55% of Americans avoid estate planning and set their family up for stress in the future. Here are 12 common excuses to procrastinate estate planning.
When a spouse dies, many of us comfort and assist the survivor through grief and pain, spending time and ensuring the survivor knows they are loved. We may overlook the financial impact of the death, simply assuming the surviving spouse will boldly continue on and maintain the standard of living that the couple has always enjoyed. Often this is not the reality for a surviving spouse. Under normal circumstances finances are a stress and without proper planning, this stress can be needlessly heightened. Recently I received a painful reminder of how difficult this transition can be:
Got a question if you can help. One of my agents passed away in October. I just spoke to his wife and unfortunately, he had nothing set up to let her know what assets he had and where they were located. I am wondering if you know how does a spouse start to find out where he had money.
She believes he had a small investment account somewhere and he also may have had a small life insurance policy, but we just don't know. She has no clue what, where or anything.
Any ideas? She went to someone for "legal aid" and the price they quoted was much more than she could afford. It's a pretty bad situation...
Thus, the power of proper planning... any ideas would be greatly appreciated. I would like to offer her some help as she is just not versed in these matters.
When a spouse passes away without any planning in place, what do you do? How do you find the lost insurance polices or retirement accounts? Unfortunately in your time of grief you will need to play detective and find the financial institutions where your spouse may have placed money. Here are a few tips:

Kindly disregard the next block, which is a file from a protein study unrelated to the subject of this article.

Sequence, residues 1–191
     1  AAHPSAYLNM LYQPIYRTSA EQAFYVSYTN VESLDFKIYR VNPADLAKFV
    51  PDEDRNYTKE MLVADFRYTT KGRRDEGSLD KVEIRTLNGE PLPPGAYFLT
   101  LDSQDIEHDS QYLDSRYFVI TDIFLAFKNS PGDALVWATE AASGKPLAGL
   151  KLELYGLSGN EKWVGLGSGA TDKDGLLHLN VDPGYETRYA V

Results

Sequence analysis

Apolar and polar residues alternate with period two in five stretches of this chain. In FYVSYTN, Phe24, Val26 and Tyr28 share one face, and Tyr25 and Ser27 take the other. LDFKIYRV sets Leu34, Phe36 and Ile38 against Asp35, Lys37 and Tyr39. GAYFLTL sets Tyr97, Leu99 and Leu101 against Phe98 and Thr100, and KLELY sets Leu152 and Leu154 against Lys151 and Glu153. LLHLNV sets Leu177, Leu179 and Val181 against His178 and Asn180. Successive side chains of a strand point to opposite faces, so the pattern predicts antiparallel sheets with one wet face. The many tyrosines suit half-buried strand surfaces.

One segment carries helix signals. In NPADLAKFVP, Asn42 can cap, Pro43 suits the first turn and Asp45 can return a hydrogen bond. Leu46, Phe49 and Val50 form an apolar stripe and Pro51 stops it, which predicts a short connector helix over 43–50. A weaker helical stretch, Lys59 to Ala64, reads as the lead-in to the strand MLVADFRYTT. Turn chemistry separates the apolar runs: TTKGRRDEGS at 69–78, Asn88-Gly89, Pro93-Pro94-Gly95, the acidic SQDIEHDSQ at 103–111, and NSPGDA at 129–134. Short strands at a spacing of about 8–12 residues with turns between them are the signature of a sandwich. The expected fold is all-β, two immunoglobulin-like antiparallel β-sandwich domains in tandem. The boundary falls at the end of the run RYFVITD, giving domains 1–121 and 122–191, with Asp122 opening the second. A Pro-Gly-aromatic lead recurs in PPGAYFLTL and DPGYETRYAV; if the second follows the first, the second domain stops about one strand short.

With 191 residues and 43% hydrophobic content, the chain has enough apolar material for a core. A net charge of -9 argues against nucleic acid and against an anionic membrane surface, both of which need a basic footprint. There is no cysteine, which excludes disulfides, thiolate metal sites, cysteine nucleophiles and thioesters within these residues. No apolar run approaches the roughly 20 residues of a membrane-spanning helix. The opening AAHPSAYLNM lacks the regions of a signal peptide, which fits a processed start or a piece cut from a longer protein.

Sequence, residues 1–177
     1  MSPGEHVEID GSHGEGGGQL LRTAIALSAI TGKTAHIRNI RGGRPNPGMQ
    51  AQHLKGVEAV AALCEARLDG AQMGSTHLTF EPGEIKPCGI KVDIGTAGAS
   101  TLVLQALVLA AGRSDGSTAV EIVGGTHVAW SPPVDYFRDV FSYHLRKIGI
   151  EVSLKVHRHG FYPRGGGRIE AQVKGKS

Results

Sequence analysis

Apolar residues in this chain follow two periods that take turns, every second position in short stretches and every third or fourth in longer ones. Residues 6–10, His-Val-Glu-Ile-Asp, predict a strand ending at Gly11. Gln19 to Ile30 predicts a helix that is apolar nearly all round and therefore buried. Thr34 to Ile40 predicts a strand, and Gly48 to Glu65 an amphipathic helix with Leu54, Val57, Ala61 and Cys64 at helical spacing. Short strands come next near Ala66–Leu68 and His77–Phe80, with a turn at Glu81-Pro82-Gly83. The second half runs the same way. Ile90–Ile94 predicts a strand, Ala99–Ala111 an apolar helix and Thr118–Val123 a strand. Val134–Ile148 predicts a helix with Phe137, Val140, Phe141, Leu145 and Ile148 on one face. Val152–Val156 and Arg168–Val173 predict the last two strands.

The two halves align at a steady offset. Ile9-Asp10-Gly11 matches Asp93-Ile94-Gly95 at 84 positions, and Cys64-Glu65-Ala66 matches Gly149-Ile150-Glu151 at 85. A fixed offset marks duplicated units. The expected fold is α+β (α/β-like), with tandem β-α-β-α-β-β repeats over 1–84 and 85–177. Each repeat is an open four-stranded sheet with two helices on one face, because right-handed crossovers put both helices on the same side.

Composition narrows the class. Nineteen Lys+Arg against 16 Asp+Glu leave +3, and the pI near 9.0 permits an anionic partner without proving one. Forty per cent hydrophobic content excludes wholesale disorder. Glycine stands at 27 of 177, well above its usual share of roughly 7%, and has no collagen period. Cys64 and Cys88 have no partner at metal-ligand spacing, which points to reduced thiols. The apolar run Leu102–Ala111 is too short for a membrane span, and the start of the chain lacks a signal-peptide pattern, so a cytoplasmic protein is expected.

- Contact any family members or friends the spouse may have confided in and ask if he/she mentioned any financial institutions
- Contact your attorney, banker, accountant and financial planner
- Contact your insurance agent - often life insurance is bundled with auto and homeowners policies
- Look at canceled checks and print monthly bank/credit card statements to see if there are automatic withdrawals/deposits to financial institutions
- Watch the mail for paper statements
- Make a list of current and prior employers and contact HR departments to find out about group life insurance and where retirement accounts are held
Financial institutions are not obligated to inform you of accounts or policies, even if you are the spouse. Typically they will not act until someone notifies them of the death and issues a proper claim. It is up to you to track down the companies where your spouse may have had assets. It is a time consuming and difficult process that may take months and even years.
This devastating situation can easily be avoided by simply having proper planning in place. Estate planning is often thought of after the death of BOTH spouses, but a proper plan can help the surviving spouse avoid this messy situation altogether.
What can you do now, to avoid a situation like this in the future?
- TALK TO YOUR SPOUSE There is no better way to avoid this situation than by simply having a conversation. Confide in each other and make sure you are both aware of the accounts and policies you own and where they are located.
- WRITE IT DOWN If talking isn't your thing and even if it is, make a list and keep it in a place where it can be found. Be comprehensive and specific, detailing accounts, policies, financial institutions and representatives.
- UPDATE A list you wrote in 1994 is only as effective as your loyalty. If you change companies, update your list. Rule of thumb, look at the list each year on January 1st, your birthday or anniversary.
- COMPLETE YOUR ESTATE PLAN Easy Legal Planning offers comprehensive estate planning packages for $595.00 that include a trust, pour-over will, financial and medical powers of attorney and medical directives. In addition, we include a comprehensive section for you to list your assets and financial institutions, instructions for those left behind and we remind you to keep it updated on an annual basis. (How's that for service?!)
Losing a loved one is devastating in itself, but compounding that pain by not having a clear financial picture is a needless waste. Take action today to avoid playing detective while trying to manage grief. Have the conversation, write the details down and complete your estate plan. Your loved ones will thank you now and in the future.